Cialis fr


Let’s try this again

our mexican neighbors

It’s not like Victor Davis Hanson hasn’t been giving it his best. It’s more likely you haven’t been buying it. What else could it be?

Multiculturalism — as opposed to the notion of a multiracial society united by a single culture — has become an abject contradiction in the modern Western world.

It’s only one word, but it’s a contradiction. Get it? Oh come on.

Romance for a culture in the abstract that one has rejected in the concrete makes little sense.

There. Now you’re convinced. Victor’s been saying this identical thing about tolerance for more than 10 years. So what’s wrong with you?

Maybe you’re like me. Maybe you live in a city where different people live. Seven or eight miles east of my home, you can see why Los Angeles has the largest population of Koreans outside Asia: Koreatown. 120,000 people packed into 3 square miles. It comes complete with signage and billboards in a crazy foreign language. It teems with exotic food and strange smells.

It’s also majority Latino, surprise. You can see Mexicanos working at the corner market who don’t speak much English but who do speak Korean. Maybe then you wonder, ‘How the hell am I supposed to impose my white ways upon this stew of humanity?’ And why should I try?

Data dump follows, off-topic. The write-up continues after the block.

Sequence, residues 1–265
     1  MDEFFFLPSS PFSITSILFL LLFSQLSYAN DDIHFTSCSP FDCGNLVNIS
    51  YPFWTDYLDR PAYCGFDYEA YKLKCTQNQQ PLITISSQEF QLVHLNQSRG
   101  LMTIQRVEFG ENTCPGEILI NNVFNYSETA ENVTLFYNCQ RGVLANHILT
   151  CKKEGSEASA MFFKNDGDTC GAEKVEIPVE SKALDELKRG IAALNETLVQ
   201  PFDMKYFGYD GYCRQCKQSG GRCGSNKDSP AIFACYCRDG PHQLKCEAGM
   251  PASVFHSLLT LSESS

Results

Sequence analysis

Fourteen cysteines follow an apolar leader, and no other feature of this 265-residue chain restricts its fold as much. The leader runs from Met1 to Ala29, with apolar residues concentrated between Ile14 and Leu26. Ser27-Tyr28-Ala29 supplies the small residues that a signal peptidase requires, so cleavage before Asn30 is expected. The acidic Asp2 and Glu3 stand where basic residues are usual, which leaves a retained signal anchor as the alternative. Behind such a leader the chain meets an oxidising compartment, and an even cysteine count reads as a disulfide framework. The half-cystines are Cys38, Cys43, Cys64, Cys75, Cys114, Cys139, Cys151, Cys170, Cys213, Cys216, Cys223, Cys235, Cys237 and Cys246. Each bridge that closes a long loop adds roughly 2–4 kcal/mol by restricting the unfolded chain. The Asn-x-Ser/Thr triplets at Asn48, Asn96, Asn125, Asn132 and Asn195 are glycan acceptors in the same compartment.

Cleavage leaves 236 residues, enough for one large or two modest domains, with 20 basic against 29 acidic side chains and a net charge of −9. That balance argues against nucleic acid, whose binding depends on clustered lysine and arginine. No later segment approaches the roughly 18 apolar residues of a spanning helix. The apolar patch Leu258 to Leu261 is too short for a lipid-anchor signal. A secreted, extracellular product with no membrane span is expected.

. . the Tsarnaevs had some sense that the United States was a freer, more humane, and more prosperous place than the Russia they left, but they also felt no love for it, felt no pressure from their hosts to cultivate such love — and believed that they could continue to live as Russian Muslims inside the United States.

But that’s what Victor wants. If the Western world is to be saved, that is, this is how it’s to be done. The immigrants need to feel “pressure from their hosts to cultivate such love.” And the Tsarnaevs really shouldn’t “continue to live as Russian Muslims.” I don’t know, that sounds like a lot of work. Also: fuck you.

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2 Comments

  1. Rev. Howard Furst  •  May 30, 2013 @4:21 am
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    In related news, an attack on unassimilated Supreme Court Justice Sonia Sotomayor:

    “Are we supposed to use the Spanish pronunciation, so-toe-my-OR, or the natural English pronunciation, SO-tuh-my-er…,” asked Mark Krikorian, a National Review blogger and the executive director of the anti-immigration Center for Immigration Studies. “Putting the emphasis on the final syllable of Sotomayor is unnatural in English,” he went on, “and insisting on an unnatural pronunciation is something we shouldn’t be giving in to.”

    “There are basically two options,” Krikorian seems to concur, “–the newcomer adapts to us, or we adapt to him. And multiculturalism means there’s a lot more of the latter going on than there should be.”

    Question for Mr. Krikorian: How do you pronounce “Boehner” or “Koch”?

  2. toma  •  May 30, 2013 @4:59 am
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    That’s great. How about “Mike Krzyzewski”? Or “Dwyane Wade”?

    Krikorian’s post, incidentally, has all but disappeared from NR. The only remnant of it I could find was a print-page scrap.